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S74-15583 (July 1973) --- A huge solar eruption can be seen in this Spectroheliogram obtained during the Skylab 3 mission by the Extreme Ultraviolet Spectrograph/Spectroheliograph SO82A Experiment aboard the Skylab space station in Earth orbit. SO82 is one of the Apollo Telescope Mount experiments. The SO82 A instrument covers the wavelength region from 150-650 angstroms (EUV regions). The magnitude of the eruption can be visualized by comparing it with the small white dot that represents the size of Earth. This photograph reveals for the first time that helium erupting from the sun can stay together to altitudes of up to 500,000 miles. After being ejected from the sun, the gas clouds seem to have come to a standstill, as though blocked by an unseen wall. Some materials appear to have been directed back toward the sun as a rain, distinguished by fine threads. At present it is a challenge to explain this mystery--what forces expelled these huge clouds, then blocked its further progress, yet allowed the cloud to maintain its threads. Both magnetic fields and gravity must play a part, but these curious forms seem to defy explanation based on magnetic and gravitational fields alone. The EUV spectroheliograph was designed and constructed by the U.S. Naval Research Laboratory and the Ball Brothers Research Corporation under the direction of Dr. R. Tousey, the principal investigator for this NASA experiment. On the left may be seen the sun's image in emission from iron atoms which have lost 14 electrons by collision in the sun's million-degree coronal plasma gas. Photo credit: NASA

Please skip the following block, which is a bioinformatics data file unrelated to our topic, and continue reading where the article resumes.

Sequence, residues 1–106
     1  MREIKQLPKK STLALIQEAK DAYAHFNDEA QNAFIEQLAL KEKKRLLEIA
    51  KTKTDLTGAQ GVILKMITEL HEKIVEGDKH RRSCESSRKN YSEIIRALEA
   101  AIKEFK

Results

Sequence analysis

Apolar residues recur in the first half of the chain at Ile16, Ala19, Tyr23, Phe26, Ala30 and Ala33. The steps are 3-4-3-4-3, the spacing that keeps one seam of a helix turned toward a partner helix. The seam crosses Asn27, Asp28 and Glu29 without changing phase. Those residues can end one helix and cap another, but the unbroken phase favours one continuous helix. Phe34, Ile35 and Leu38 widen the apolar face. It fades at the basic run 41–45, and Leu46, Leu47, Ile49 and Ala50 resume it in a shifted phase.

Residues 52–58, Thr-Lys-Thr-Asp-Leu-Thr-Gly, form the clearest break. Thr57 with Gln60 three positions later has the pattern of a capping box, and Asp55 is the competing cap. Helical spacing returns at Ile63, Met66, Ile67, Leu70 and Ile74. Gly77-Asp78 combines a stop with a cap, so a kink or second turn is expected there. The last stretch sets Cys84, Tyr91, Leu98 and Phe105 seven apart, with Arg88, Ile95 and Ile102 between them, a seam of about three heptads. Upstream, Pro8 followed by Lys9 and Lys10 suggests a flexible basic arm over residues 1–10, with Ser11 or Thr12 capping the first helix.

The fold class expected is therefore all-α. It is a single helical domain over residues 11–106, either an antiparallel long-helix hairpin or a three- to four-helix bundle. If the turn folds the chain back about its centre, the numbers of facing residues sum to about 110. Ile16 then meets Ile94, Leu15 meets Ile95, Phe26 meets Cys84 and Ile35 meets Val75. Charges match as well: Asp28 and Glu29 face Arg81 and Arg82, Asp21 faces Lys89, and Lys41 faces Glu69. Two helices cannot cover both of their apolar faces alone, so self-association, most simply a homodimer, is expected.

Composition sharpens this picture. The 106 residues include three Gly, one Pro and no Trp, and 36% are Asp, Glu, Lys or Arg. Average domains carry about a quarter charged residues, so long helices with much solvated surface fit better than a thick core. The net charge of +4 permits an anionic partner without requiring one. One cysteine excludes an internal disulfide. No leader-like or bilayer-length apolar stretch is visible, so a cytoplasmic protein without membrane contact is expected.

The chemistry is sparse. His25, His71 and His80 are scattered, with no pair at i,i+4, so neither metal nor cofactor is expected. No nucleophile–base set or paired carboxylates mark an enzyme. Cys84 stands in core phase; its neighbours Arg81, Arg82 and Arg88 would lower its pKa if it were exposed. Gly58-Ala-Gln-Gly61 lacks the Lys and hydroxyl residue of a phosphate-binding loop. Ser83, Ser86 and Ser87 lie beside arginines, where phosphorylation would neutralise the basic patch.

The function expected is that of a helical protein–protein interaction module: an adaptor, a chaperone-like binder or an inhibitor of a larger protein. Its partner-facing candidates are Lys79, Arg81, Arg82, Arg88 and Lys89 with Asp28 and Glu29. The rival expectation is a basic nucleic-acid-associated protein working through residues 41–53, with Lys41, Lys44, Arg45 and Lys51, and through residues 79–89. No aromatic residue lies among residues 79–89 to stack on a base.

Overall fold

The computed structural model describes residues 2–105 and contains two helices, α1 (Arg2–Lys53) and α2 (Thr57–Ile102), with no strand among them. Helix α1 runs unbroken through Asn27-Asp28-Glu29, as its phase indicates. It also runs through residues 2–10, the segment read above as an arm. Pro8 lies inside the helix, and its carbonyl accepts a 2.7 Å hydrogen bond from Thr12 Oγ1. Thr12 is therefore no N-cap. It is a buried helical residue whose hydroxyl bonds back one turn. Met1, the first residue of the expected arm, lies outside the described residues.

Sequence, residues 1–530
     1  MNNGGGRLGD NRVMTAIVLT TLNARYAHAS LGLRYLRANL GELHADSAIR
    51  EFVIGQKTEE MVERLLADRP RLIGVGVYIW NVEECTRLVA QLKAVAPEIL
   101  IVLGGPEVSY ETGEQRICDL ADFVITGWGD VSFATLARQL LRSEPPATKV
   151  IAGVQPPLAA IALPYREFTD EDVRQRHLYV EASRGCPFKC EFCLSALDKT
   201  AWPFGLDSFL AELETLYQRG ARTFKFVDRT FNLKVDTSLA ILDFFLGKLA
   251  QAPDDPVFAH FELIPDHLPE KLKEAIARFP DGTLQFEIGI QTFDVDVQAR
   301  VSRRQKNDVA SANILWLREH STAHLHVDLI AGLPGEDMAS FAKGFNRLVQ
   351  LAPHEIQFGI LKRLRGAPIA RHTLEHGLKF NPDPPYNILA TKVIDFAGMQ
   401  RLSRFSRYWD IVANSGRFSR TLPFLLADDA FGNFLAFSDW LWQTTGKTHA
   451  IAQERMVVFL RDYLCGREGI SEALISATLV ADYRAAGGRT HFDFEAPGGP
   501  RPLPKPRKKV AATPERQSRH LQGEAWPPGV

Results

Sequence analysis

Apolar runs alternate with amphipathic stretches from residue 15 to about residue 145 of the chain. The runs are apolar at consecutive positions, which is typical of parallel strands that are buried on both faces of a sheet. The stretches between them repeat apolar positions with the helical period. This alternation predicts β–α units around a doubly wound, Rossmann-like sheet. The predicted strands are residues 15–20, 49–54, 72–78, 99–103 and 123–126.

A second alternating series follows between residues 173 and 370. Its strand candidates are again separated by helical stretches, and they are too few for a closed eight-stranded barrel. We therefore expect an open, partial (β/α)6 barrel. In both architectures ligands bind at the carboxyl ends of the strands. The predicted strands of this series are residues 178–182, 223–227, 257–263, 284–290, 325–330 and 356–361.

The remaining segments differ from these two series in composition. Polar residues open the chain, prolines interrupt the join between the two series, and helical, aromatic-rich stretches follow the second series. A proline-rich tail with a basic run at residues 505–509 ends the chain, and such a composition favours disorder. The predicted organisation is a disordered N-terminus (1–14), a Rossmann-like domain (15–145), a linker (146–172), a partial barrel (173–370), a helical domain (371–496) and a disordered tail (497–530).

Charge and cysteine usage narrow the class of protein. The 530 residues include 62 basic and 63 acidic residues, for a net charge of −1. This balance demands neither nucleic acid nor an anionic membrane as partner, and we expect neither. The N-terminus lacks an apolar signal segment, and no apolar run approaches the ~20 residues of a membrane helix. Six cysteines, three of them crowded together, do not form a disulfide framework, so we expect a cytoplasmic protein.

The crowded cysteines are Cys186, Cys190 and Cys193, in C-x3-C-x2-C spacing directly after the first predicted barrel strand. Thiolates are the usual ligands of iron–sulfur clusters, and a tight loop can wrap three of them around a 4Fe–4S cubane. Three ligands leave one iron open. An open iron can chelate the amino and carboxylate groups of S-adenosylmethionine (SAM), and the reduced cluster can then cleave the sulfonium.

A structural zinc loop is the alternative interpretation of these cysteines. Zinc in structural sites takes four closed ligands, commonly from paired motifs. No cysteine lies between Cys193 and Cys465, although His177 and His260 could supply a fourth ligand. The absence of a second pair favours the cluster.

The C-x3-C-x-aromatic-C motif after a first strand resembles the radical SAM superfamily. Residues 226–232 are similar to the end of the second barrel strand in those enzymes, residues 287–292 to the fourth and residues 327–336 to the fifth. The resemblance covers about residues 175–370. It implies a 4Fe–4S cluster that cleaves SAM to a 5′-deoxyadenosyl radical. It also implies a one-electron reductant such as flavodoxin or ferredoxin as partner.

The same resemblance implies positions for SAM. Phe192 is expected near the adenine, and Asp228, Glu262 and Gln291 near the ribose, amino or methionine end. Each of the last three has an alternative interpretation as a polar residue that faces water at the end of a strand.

Curator: JSC PAO Web Team | Responsible NASA Official: Amiko Kauderer | Updated: 12/09/2013
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